LDCM satellite sees its birthplaces
Building and launching the Landsat Data Continuity Mission required teams of people across the United States. It is appropriate, then, that the satellite's early images include these views of the places that most contributed to its success: Greenbelt, Md.; Phoenix, Ariz.; Vandenberg Air Force Base, Calif.; and Sioux Falls, S.D. The images are considered engineering data—data that is helping scientists and engineers ensure that the satellite and its instruments are operating as designed.
NASA oversaw the development, construction and launch of the satellite from NASA's Goddard Space Flight Center in Greenbelt, Md. LDCM carries two instruments: the Operational Land Imager (OLI) and the Thermal Infrared Sensor (TIRS). One of the instruments, TIRS, was built at NASA Goddard. The other was constructed by Ball Aerospace & Technologies Corporation in Boulder, Colo., shown in one of LDCM's first images. Ball also built an important component of TIRS, its cryocooler, in Boulder.
After the instruments were built, they were shipped to Orbital Sciences Corporation in Gilbert, Ariz., to be added to the spacecraft. The company built the spacecraft bus, which includes the mechanical structure, power systems, data storage and transmission systems, fuel and attitude control systems. The instruments were integrated with the spacecraft, and then the entire observatory went through extensive testing to determine that everything operated together properly.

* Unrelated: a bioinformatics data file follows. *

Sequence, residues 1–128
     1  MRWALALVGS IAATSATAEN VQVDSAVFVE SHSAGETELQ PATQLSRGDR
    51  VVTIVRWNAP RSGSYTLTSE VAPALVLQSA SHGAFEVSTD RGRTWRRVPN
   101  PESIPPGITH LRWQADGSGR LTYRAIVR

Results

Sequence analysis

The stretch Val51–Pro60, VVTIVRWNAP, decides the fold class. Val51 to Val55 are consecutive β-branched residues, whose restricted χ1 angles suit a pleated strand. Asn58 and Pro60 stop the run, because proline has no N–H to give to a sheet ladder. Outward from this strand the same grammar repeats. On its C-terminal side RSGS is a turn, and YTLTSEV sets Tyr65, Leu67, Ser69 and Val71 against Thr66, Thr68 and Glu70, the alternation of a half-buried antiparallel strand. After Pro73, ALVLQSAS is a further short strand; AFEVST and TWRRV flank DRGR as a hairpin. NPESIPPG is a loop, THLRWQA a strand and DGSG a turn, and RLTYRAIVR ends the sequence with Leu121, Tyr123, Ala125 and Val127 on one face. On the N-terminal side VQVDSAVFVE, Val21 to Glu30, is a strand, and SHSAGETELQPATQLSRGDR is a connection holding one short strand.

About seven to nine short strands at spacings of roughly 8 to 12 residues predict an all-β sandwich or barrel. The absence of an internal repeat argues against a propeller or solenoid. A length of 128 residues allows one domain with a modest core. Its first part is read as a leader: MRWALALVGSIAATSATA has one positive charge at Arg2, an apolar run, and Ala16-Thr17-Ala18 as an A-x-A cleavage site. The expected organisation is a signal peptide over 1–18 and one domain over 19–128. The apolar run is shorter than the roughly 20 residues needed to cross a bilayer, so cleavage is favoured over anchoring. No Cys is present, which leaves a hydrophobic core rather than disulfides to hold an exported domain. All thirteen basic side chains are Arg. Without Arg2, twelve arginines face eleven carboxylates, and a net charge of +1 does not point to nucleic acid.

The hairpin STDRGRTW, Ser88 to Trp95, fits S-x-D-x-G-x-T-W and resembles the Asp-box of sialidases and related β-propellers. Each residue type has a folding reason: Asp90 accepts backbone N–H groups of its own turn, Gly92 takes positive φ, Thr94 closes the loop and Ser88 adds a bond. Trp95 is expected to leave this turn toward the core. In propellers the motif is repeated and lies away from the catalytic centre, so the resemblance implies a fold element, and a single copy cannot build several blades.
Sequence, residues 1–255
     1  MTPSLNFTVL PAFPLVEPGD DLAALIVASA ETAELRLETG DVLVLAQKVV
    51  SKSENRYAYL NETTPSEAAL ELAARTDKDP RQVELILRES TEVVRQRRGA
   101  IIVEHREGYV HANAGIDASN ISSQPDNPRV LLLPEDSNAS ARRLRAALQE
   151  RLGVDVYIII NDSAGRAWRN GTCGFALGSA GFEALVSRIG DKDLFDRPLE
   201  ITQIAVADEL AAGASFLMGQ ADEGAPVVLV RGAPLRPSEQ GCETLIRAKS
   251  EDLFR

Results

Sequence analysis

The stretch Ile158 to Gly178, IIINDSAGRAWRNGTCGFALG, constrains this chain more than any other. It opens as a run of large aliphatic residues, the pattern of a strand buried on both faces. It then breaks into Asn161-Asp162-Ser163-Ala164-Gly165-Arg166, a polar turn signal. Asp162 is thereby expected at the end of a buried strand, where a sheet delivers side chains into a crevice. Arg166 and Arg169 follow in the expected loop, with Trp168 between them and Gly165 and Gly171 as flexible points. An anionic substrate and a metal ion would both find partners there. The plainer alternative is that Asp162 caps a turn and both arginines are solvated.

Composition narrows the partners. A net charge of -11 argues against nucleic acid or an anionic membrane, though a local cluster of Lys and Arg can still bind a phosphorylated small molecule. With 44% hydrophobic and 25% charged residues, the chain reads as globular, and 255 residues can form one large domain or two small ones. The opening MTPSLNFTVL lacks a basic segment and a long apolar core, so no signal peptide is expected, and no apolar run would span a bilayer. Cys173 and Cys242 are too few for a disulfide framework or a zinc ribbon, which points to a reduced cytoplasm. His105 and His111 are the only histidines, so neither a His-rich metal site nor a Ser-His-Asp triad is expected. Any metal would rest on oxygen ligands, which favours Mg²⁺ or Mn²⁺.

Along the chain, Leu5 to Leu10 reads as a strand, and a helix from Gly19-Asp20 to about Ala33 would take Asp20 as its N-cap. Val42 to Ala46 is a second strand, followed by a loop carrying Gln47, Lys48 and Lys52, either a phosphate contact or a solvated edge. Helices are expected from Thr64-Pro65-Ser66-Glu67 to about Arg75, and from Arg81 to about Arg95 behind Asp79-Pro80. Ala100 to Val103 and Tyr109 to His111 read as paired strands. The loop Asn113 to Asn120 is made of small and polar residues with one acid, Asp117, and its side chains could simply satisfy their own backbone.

LDCM launched from Vandenberg Air Force Base in southern California on Feb. 11, 2013, on an Atlas V rocket built by United Launch Alliance. ULA is headquartered in Denver, Colo. The successful launch put the satellite in to a polar orbit where it is now going through commissioning.
Once LDCM completes its check-out period and becomes operational, NASA will pass control of the satellite to the United States Geological Survey, and LDCM will become Landsat 8. The USGS will collect and distribute Landsat 8 data from the Earth Resources Observation and Science Center in Sioux Falls, S.D. The LDCM satellite transmits data to a network of receiving stations, which send the data to the EROS Center. Computers process the data into products that are made available free of charge over the Internet. The EROS Center maintains the more than 40-year-long Landsat data record and will begin adding Landsat 8 data to that record once the satellite becomes operational.